‘Colossal asteroid strike on Mars leaves behind two billion craters’

NEW DELHI: In a groundbreaking discovery, scientists have uncovered evidence of an immense asteroid impact on Mars that occurred over two million years ago, leaving a trail of destruction marked by one massive crater and approximately two billion smaller craters. This event, taking place on the Martian equator in the region known as Elysium Planitia, created a sprawling field of secondary craters across an area spanning 1,000 miles (1,800 kilometers), representing one of the most significant impact events on Mars in its recent geological history.
A Rare cosmic event: Shaping the Martian landscape
According to a report in Space.com, such colossal asteroid impacts are rare occurrences on Mars, estimated to happen once every three million years. The primary crater, named Corinto, measures 8.6 miles (13.9 kilometers) wide and 0.62 miles (1 km) deep. The vast array of secondary craters, ranging from 656 feet (200 meters) to 0.8 miles (1.3 km) in diameter, fans out from Corinto in a distinctive “ray system,” highlighting the enormity of the asteroid’s collision with the Red Planet.
Despite its ancient origin, the Corinto crater and its surrounding secondary impacts are considered remarkably young in Martian geological terms. Some secondary craters even intersect with lava flows from the now-extinct volcano Elysium Mons, providing a unique snapshot of Martian volcanic activity intertwined with cosmic events, the Space.com report said.
Employing modern technology to peer into the past
Researchers utilized thermal and visible imaging data from Nasa’s Mars Reconnaissance Orbiter, employing machine learning algorithms to differentiate Corinto’s ejecta-generated craters from other Martian impact sites. This innovative approach has allowed scientists to estimate the age of the Corinto impact and quantify the extensive spread of secondary craters it produced.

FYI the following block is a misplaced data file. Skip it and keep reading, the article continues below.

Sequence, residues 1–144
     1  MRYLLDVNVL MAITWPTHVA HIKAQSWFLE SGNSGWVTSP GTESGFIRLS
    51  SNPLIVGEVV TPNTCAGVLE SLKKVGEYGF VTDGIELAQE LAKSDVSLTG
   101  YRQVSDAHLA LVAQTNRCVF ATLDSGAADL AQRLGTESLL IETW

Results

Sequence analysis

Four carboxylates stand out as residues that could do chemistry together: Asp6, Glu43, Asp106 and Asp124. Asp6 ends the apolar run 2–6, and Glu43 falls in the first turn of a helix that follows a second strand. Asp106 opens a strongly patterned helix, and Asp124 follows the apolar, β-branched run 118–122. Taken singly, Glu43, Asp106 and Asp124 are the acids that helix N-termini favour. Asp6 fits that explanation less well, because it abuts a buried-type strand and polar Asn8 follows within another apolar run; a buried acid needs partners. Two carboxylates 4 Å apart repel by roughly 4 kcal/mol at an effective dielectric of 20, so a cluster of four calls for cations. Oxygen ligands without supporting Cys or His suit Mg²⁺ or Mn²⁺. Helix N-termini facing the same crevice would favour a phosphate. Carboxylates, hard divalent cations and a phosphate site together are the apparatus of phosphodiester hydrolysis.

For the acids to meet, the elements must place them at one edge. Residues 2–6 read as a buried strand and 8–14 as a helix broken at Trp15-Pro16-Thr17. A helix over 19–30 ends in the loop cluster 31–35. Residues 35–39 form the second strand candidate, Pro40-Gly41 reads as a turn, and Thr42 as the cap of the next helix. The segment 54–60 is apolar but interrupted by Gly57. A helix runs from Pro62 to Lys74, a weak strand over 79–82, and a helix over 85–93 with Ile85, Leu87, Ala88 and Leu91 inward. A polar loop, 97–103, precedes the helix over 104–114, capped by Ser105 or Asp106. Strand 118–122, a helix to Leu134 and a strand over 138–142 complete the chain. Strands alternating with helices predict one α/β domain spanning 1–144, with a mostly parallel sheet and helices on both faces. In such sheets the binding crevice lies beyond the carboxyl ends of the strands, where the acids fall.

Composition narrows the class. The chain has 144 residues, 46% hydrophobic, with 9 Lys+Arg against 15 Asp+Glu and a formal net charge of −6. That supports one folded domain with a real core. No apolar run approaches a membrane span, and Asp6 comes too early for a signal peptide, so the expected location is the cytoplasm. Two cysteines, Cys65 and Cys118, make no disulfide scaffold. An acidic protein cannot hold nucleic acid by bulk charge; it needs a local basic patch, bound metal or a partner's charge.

Deciphering the impact’s direction
The distribution of secondary craters, predominantly to the south and southwest of Corinto, suggests the asteroid approached Mars at an angle of approximately 30 to 45 degrees from the north or northeast. The ejecta’s reach, with some fragments landing as far as 1,150 miles (1,850 km) away, underscores the impact’s sheer force, comparable to four times the length of the Grand Canyon.
A diverse array of crater shapes
The study also categorized secondary craters based on their shape, revealing a mix of round, semi-circular, and elliptical formations. This diversity is attributed to various factors, including the speed of ejection, the size of the ejecta fragments, and the Martian surface’s composition where they landed.
Insights into Martian volcanism and hydrology
The nature of the ejecta suggests that the asteroid impact may have struck areas rich in volcanic basalt and possibly water or ice. Evidence of this includes pits within the Corinto crater, indicative of water or gas release upon impact with ice-rich materials.
This monumental study not only sheds light on a singular event in Mars’s geological history but also offers insights into the planet’s volcanic activity and hydrological past. Presented at the 55th annual Lunar and Planetary Science Conference in Texas, these findings mark a significant advancement in our understanding of the Red Planet’s dynamic and tumultuous history.

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